High Court may delay Liberman crack down on haredi subsidies

The state was ordered by the High Court of Justice to explain why rules changed mid-year.

Illustrative photo of young haredi men walking in Jerusalem (photo credit: MARC ISRAEL SELLEM)
Illustrative photo of young haredi men walking in Jerusalem
(photo credit: MARC ISRAEL SELLEM)

The High Court of Justice strongly hinted on Wednesday that it may delay Finance Minister Avigdor Liberman’s crackdown on certain haredi subsidies until the next school year.

Issuing an interim conditional order, justices Uzi Vogelman, Ofer Grosskopf and Alex Stein told the state that it needs to explain within 14 days on what basis it had the authority to change the rules regarding subsidies for haredi childcare after the school year had already started.

According to Liberman’s decision, haredi families where the husbands/fathers study in a kollel-yeshiva context past a certain point, but are not part of the workforce, are not eligible for certain subsidies for childcare under age three.

In contrast, the policy change would still provide subsidies for Israelis with children studying for university degrees.

Multiple lawyers and haredi organizations had filed petitions against the policy shift as discriminatory against haredim.

 Finance Minister Avigdor Liberman at the cabinet meeting, November 7, 2021. (credit: MARC ISRAEL SELLEM/THE JERUSALEM POST) Finance Minister Avigdor Liberman at the cabinet meeting, November 7, 2021. (credit: MARC ISRAEL SELLEM/THE JERUSALEM POST)

A lawyer for the state attorney gave several arguments to support the decision made by both Liberman and Economy Minister Orna Barbivay.

She noted that the justices themselves had said that there is no formal right for any citizen to receive subsidies.

Next, she said that the policy change was formally announced in mid-August, more than a week before the standard school year start date of September 1 and only around 10 days after the earlier haredi school year and early childcare start date.

In other words, if the haredi school year had started earlier than the rest of the schools, it was still near the start of their year and not actually in the middle of the year, months later.

In addition, the state lawyer said that when the new government formed in mid-June, it was quite vocal from the start about its intent to change the subsidy policy, to try to encourage haredi men to join the workforce.

“Everyone knew this was a burning issue, and everyone knew there would be a change,” she said.

Further, the state attorney said that widely covered public debates were held about the policy shift in July.

All of this led the state to conclude that no haredi parents would have actually been surprised by the policy change, even if the early haredi school year started 10 days before the change went into effect.

Moreover, the state said that there is not enough state-overseen and subsidized childcare for children under three, and many parents of all backgrounds end up sending their younger children to other, more informal and non-state supervised contexts.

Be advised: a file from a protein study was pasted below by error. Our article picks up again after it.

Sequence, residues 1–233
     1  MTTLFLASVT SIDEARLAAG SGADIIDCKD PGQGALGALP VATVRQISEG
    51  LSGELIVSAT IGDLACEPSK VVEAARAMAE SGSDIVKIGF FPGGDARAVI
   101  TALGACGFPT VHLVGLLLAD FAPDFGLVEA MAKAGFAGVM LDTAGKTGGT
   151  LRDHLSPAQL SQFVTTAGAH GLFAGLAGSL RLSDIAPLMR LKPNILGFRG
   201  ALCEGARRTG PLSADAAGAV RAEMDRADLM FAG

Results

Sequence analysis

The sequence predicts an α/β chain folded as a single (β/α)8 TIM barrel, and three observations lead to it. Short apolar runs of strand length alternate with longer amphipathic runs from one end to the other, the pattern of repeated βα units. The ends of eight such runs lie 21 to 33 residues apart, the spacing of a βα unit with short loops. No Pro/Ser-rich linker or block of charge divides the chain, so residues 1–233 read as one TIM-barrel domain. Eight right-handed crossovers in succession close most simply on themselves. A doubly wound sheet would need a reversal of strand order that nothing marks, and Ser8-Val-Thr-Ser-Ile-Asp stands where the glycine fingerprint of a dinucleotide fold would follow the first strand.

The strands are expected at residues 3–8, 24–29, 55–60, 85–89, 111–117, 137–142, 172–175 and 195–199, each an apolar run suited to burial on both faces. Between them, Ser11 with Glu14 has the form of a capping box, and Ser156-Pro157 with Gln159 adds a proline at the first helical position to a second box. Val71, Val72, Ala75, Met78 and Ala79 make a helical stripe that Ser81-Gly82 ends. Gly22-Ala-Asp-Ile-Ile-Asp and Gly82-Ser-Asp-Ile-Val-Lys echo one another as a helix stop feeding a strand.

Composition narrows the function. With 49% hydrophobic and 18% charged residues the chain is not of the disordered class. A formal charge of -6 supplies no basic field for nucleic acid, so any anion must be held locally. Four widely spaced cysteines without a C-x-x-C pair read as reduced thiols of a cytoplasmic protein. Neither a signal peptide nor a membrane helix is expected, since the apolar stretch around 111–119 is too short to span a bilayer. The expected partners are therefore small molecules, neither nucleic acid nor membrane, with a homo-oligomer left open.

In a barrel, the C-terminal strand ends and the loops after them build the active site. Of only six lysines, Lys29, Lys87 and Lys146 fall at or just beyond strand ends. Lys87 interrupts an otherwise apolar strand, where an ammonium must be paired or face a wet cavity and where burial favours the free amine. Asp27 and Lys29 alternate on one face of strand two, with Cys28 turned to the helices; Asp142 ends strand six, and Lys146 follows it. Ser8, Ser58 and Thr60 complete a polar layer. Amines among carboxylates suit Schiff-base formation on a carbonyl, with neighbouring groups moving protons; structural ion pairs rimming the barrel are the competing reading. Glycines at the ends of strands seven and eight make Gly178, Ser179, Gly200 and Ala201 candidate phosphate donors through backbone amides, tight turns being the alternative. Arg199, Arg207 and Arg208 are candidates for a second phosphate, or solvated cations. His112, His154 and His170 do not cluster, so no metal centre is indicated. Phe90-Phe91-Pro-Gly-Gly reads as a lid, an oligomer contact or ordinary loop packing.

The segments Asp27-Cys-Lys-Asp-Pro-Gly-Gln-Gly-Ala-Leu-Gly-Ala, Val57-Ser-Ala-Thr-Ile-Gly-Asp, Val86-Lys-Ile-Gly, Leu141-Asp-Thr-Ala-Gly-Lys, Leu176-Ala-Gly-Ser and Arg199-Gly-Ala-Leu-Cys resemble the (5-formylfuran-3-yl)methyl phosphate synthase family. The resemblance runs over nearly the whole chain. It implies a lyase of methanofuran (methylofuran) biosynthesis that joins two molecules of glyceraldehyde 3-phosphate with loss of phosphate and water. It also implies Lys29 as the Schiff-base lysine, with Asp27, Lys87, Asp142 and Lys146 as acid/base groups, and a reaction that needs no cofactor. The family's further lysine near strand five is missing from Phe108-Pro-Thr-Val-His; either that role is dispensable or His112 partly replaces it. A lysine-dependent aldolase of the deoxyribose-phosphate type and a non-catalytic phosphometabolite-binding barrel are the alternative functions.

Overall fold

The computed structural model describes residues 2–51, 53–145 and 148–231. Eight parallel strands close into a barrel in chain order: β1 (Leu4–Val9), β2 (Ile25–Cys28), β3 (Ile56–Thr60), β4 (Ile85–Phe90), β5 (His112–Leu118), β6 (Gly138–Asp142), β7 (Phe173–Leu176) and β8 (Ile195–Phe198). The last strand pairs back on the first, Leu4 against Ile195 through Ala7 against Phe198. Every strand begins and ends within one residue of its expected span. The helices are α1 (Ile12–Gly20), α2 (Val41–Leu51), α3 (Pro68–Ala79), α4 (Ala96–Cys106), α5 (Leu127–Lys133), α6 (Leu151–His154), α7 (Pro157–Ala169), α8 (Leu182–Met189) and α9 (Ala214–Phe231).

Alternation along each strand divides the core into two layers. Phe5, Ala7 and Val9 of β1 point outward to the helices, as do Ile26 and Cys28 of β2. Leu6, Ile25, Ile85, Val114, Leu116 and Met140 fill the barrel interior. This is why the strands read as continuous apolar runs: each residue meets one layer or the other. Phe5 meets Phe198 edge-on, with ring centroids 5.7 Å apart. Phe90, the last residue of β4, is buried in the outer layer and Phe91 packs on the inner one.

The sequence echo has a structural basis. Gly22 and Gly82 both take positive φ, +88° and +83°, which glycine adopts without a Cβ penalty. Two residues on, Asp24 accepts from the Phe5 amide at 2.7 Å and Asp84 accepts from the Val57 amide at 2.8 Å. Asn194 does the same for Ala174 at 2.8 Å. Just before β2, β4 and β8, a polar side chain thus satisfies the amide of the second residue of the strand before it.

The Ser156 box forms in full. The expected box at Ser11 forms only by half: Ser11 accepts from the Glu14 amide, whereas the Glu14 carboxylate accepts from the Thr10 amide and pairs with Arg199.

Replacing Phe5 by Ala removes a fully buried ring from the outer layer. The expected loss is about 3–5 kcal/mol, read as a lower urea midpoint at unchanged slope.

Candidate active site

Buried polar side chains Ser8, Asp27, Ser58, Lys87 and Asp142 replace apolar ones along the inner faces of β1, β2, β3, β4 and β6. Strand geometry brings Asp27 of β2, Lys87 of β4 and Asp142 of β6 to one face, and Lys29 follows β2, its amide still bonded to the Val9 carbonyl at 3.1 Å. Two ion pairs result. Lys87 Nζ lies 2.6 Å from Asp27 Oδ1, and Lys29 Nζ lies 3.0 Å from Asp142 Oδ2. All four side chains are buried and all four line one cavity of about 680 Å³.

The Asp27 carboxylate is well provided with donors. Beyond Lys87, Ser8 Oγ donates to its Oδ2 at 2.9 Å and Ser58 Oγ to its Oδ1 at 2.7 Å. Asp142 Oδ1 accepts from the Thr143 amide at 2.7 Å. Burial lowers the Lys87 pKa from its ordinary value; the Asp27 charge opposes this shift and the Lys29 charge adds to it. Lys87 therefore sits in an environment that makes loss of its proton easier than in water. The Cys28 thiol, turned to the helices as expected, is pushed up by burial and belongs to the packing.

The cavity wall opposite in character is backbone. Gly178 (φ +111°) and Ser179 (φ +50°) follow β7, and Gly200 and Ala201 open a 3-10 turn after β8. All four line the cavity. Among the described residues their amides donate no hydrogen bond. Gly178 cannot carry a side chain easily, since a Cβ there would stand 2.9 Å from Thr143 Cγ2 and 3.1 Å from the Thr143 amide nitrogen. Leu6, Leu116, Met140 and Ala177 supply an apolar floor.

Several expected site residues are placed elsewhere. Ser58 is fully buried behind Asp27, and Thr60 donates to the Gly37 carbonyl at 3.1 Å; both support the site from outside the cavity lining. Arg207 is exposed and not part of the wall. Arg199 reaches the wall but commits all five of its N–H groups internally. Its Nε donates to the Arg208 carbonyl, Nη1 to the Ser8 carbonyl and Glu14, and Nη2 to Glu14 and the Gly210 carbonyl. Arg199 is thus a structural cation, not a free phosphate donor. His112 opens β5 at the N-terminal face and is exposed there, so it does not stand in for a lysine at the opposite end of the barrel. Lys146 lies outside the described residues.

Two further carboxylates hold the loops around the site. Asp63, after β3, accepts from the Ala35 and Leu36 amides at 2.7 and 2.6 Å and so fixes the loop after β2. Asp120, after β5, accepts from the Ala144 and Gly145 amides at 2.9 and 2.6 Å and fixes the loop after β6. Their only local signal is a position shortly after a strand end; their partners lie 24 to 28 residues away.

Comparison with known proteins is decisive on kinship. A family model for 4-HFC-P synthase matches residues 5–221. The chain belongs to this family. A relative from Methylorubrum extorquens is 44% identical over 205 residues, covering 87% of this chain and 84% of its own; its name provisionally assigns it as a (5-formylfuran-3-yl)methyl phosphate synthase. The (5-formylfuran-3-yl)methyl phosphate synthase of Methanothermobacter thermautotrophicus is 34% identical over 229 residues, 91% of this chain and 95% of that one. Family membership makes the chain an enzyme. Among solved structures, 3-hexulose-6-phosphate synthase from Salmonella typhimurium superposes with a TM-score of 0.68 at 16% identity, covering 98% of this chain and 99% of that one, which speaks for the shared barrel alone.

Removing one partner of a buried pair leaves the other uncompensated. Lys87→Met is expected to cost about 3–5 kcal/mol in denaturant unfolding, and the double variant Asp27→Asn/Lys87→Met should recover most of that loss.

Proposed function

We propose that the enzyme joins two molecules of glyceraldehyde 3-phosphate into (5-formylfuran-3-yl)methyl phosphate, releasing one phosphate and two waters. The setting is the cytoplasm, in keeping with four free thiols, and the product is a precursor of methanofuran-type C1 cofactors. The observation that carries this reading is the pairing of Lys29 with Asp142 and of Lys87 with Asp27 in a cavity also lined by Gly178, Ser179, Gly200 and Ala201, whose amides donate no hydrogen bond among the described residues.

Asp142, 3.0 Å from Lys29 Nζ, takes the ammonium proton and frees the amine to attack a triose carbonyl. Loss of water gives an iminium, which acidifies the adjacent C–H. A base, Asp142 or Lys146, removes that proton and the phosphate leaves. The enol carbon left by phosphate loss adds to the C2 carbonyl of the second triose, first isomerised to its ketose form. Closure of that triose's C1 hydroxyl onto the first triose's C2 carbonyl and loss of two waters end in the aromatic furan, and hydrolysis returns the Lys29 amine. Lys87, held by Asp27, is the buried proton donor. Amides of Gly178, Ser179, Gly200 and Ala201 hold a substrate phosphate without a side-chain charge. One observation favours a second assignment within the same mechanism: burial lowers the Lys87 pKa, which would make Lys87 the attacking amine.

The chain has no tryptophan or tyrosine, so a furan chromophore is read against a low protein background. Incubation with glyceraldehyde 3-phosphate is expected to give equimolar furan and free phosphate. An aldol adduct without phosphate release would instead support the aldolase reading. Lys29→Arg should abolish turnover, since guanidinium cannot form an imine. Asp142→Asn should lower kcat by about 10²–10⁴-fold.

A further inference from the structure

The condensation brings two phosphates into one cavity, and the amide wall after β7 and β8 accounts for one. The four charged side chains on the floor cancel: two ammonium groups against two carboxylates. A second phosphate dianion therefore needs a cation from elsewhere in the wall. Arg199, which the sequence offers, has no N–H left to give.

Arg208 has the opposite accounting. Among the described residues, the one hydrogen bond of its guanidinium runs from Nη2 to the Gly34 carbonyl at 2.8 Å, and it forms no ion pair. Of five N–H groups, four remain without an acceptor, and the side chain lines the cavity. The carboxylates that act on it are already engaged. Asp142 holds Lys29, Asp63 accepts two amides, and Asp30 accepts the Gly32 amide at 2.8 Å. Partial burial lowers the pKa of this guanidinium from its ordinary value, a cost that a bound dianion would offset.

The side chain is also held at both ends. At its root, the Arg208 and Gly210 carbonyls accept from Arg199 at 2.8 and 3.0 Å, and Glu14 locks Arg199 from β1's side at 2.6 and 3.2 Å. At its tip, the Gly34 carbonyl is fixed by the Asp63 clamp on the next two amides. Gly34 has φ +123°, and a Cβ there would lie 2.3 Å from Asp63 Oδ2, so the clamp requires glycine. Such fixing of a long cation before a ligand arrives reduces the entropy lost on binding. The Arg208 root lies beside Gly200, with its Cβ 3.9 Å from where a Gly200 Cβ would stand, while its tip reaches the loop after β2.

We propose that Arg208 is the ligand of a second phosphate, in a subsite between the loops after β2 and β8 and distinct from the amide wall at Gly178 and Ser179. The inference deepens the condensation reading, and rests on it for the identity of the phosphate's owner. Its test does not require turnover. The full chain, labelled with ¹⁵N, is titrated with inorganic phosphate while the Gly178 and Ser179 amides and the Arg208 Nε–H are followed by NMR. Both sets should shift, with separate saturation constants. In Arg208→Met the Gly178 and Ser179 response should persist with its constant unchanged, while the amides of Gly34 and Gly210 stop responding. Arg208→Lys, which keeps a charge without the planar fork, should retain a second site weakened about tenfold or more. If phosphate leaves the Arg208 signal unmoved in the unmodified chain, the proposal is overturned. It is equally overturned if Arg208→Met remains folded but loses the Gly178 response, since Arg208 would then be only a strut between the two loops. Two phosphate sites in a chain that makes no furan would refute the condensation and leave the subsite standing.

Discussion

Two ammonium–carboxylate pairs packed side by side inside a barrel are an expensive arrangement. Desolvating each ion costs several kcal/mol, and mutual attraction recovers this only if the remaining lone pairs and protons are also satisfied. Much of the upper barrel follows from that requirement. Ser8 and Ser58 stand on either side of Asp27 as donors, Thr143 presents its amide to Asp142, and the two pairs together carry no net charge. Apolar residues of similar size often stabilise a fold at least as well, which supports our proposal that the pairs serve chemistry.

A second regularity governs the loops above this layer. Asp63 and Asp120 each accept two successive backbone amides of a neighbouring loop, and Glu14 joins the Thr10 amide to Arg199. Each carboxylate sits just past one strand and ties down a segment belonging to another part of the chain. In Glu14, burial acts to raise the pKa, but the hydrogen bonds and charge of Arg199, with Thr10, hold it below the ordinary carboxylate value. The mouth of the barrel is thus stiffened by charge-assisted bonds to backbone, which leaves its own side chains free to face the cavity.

She said that a characteristic of state supervised childcare is an element of uncertainty about subsidies each year, and that no one is entitled to perpetual subsidies just because they received them the year before.

Striking back at these arguments, one lawyer for the haredi families, Yonatan Feldman, said that Liberman was engaging in “cultural discrimination” against haredim.

Feldman said that even if there was no entitlement to subsidies, once the state decided to give subsidies to anyone, it could not arbitrarily discriminate.

The justices responded that the state said its distinction of providing subsidies to university students as opposed to yeshiva students above a certain age was not discriminatory because there was proven data that university students were more likely to find jobs in the workforce and to earn more.

Further, the justices said it was problematic that yeshiva programs have not set the term of years to graduate and could go on endlessly, whereas university programs had a clear end point for study – and by extension for the childcare subsidies.

Feldman said that in that case the solution would be to ask the haredi yeshiva programs to give a set number of years in which yeshiva students could get subsidies, but that this was something that should be well planned at least a year in advance and not tossed out suddenly.

Another lawyer for haredim, Shmuel Machleb, made an emotional appeal to the justices, saying “20,000 normative families will face disaster” if the policy is implemented.

Moreover, he said the most likely real-world result would be that childcare would become too expensive, and many haredi women who had joined the workforce would quit their jobs to stay home and handle childcare duties.

The justices appeared inclined to endorse Liberman’s power to make the reform, but to require him to give the families more advance notice to plan.

Because of the great constitutional and societal importance of the issue, the High Court took the unusual measure of having the entire hearing televised. The justices have taken this measure around a dozen times over the last two years.